State v. Hall

Annotate this Case

176 N.W.2d 254 (1970)

STATE of Minnesota, Respondent, v. Robert Norman HALL, Appellant.

No. 41461.

Supreme Court of Minnesota.

April 3, 1970.

*256 C. Paul Jones, Public Defender, Rosalie E. Wahl, Asst. Public Defender, Robert F. Collins, Minneapolis, for appellant.

Douglas M. Head, Atty. Gen., St. Paul, J. Jerome Kluck, County Atty., Jack A. Mitchell, Asst. County Atty., Hastings, for respondent.




This is an appeal from a judgment of the district court adjudging defendant, Robert Norman Hall, guilty of the crime of burglary in violation of Minn.St. 609.58, subd. 2(3), and from an order denying his motion for judgment n. o. v. or a new trial.

On Sunday, September 17, 1967, Harold Leonard, president and manager of Fury Motors, Inc., South St. Paul, went to the office to do some last-minute preparation for the showing of new model cars the next day. At approximately 9:30 p. m., he left his office in the showroom area and went into the service area to get a bottle of soda pop from the vending machine. Leonard testified that an overhead fluorescent light is left on in the service area and was on at the time he entered the area. As he passed in front of the door which leads to the basement stairway, he saw a man about 4 to 6 feet away looking in at him. He stared at the man for 3 to 5 seconds and then "hollered." The man turned and ran down the stairs. Leonard returned to his office and telephoned the police. While he was on the phone, he heard one of the overhead basement doors being opened or closed.

Police Officers Clifford Traxler and Kenneth Roberts arrived within a few minutes and Leonard gave them a description of the intruder. He described the man as about 25 years old, dark-haired, tall, and thin, and said he was wearing a light shirt or jacket and dark pants. While searching the building, the officers discovered one of the overhead basement doors open and several paint cans in the vicinity of the door. The officers found nothing to indicate that the intruder had broken or forced his way into the building. Officers Traxler and Roberts returned to their patrol car and began a search of the surrounding area. As they were traveling south on Concord Street, they saw defendant walking toward Fury Motors. Defendant looked at his watch several times and appeared to be in a hurry. Because he fit the general description given by Leonard, especially as to the clothes he was wearing, the officers called him over to the patrol car. In answer to their questions, defendant stated that his name was Robert Hall and that he was going to a bingo game in West St. Paul. Officer Traxler asked if he would get into the car. When he did, they drove to Fury Motors where Leonard identified defendant as the man he saw. Defendant was immediately placed under arrest and given a Miranda warning.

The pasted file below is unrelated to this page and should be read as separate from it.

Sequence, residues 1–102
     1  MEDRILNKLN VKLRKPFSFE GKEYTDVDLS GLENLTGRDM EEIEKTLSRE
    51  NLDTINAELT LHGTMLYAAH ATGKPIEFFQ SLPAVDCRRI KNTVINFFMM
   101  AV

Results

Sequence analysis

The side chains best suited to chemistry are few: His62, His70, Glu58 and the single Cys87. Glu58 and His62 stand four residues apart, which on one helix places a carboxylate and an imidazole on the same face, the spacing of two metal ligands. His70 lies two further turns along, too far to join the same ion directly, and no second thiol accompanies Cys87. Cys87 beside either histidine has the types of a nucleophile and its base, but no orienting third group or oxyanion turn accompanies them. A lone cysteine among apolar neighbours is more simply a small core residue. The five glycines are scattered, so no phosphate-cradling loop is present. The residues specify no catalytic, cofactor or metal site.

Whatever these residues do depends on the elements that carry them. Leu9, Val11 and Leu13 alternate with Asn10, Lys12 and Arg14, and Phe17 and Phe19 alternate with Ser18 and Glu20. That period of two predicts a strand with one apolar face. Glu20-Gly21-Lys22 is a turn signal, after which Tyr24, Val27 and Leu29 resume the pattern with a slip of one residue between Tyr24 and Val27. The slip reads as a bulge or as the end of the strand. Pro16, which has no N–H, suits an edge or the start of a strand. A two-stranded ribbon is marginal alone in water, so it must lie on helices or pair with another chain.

At 10 p. m., in the detective room of the South St. Paul police station, Leonard again identified defendant as the intruder. At 10:15 p. m., after Leonard had returned to his office, he received an anonymous telephone call. The caller asked if that were the place that had been burglarized and if the police were still there. When given affirmative answers, the caller said, "Tell *257 those coppers they better keep working because I will have that safe cracked within a week." That same night the police discovered a man asleep in a car parked near Fury Motors. In the trunk of the car were a number of tools.

In a search of Fury Motors, Officer John Gutzman discovered a footprint on the top of one of the paint cans which were stacked in the basement. At the station Officer Gutzman asked to see the soles of defendant's shoes. There was a ¾-inch cut in the sole of the right shoe. The cut in the shoe seemed to match the footprint found on the paint can. Officer Leonard Bursott "took" defendant's shoes from him. They were sent to the State Crime Laboratory where an analyst, Milton Flohr, after examination concluded that defendant's right shoe had made the impression found on the paint can.

The building in question is two stories high with a basement. Fury Motors leases the first floor and most of the basement from the owner, Fox Brothers, Inc. The Minnesota Highway Department leases the remainder of the basement. Another tenant and Fox Brothers occupy the second floor. The passageway in which Leonard saw the intruder is common to all tenants and each has a right to use it, at least during business hours.

Defendant was charged by information with burglarizing Fury Motors, Inc., tried by a jury, and convicted. He raises four issues on this appeal. He contends: First, the failure of the state to give notice of its intent to introduce his shoes in evidence renders that evidence inadmissible as well as the photographs of the soles thereof, photographs of the footprint found on the paint can, and the expert's opinion with reference thereto, under State ex rel. Rasmussen v. Tahash, 272 Minn. 539, 141 N.W.2d 3. Second, the evidence is insufficient to support his conviction. Third, it was error to admit in evidence the items specified in the first issue because the state failed to show when the print had been made. Fourth, the information was fatally defective.